Best Answer: Not sure I agree with the percentage limits you mention but The credit score looks at the difference between your available credit and what you’re using. Shut down accounts, and your total available credit shrinks, making your balances loom larger, which typically hurts your score.also since the score also tracks the length of your credit history. Shutting older accounts can also make your credit history look younger than it actually is, which can hurt your score.
Some recommendations on improving or cleaning up you score:(Note:percentages are generally accepted ratios, but actual value of each factor may vary by lender)
Pay your bills on time. Your payment history accounts for 35% of your total credit score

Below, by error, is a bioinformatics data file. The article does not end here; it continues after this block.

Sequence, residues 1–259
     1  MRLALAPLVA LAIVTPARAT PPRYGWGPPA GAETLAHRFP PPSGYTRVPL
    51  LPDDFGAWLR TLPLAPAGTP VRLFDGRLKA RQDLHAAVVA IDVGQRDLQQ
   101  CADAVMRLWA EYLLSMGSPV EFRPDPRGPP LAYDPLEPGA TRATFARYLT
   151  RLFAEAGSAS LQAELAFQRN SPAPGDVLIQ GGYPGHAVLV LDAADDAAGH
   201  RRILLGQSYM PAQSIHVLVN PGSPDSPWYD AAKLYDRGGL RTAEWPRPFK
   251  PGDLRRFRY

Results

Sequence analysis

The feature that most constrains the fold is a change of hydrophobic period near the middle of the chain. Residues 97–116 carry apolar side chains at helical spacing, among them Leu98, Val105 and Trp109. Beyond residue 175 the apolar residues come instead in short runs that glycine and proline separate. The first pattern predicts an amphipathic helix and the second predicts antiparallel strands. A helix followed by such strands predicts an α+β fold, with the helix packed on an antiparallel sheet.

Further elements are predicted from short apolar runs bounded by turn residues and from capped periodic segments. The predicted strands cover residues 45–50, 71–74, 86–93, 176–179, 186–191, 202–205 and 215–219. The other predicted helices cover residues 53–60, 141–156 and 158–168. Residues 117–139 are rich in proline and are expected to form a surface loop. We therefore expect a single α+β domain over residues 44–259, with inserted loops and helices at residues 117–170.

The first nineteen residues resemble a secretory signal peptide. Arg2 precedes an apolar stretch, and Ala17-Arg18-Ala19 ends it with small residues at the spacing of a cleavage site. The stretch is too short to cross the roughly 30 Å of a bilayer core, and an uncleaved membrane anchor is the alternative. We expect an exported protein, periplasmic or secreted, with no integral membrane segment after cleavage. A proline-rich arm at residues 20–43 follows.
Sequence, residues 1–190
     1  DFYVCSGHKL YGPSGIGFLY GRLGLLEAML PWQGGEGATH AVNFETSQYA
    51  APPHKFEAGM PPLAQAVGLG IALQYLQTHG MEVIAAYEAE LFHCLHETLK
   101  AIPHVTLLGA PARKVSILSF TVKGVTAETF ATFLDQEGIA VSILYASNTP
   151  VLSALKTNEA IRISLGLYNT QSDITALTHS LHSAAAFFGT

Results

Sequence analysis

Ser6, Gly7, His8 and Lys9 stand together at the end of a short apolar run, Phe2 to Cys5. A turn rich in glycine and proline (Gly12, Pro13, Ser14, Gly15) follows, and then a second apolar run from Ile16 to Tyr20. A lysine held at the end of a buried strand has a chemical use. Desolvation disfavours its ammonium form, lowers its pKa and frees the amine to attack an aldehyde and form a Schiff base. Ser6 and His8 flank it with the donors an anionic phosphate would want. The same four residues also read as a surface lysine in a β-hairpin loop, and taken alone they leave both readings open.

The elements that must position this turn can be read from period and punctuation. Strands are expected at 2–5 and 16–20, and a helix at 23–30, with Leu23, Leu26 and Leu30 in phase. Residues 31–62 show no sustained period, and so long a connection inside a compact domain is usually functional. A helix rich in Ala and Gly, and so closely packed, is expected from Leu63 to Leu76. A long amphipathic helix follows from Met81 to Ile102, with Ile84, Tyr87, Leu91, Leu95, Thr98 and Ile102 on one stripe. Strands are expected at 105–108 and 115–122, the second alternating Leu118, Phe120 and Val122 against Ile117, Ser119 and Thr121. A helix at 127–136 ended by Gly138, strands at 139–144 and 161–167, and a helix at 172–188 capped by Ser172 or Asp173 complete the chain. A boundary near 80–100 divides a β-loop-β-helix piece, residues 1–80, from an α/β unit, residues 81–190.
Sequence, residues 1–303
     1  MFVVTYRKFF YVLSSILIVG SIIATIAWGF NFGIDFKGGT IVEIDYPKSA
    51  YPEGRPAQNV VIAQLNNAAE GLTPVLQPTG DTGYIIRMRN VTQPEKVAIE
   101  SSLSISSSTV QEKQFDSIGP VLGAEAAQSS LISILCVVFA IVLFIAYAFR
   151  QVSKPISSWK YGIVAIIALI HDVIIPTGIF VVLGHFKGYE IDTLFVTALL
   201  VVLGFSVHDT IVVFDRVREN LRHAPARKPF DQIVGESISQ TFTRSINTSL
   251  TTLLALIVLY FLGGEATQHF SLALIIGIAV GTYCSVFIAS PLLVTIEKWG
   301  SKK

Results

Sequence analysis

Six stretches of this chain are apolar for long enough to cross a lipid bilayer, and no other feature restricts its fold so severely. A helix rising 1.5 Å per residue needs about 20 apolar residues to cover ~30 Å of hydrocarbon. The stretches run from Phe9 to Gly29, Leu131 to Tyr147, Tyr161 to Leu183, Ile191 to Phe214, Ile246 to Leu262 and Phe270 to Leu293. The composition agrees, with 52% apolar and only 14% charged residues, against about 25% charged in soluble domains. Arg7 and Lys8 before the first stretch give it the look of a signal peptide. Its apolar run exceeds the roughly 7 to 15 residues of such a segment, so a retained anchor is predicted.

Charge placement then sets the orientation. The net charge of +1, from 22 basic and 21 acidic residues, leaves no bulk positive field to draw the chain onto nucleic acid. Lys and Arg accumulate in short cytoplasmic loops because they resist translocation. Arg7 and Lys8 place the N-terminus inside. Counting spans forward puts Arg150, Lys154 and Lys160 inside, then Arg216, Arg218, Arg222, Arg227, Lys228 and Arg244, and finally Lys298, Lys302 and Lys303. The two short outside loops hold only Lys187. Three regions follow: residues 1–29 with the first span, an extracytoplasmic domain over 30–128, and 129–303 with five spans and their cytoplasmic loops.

30% of your score is based on how much you owe. Owing some money is fine, but if your
balances are too large, lenders worry that you're overextended and won't be able to repay them.
About 15% of your score is based on how long you've had a credit history; the longer, the better. Avoid closing a lot of old accounts or opening several new ones, because that will lower the average age of your accounts
New credit makes up 10% of your score; lenders worry that you'll borrow too much money if you've recently opened a number of new accounts.
Finally, 10% of your score is based on your mix of credit cards, mortgages, installment loans and other debts. Also,Lenders are most interested in your history of managing credit card debt so if your goal is to improve your credit score, pay down your credit card debt.
Ben M · 9 years ago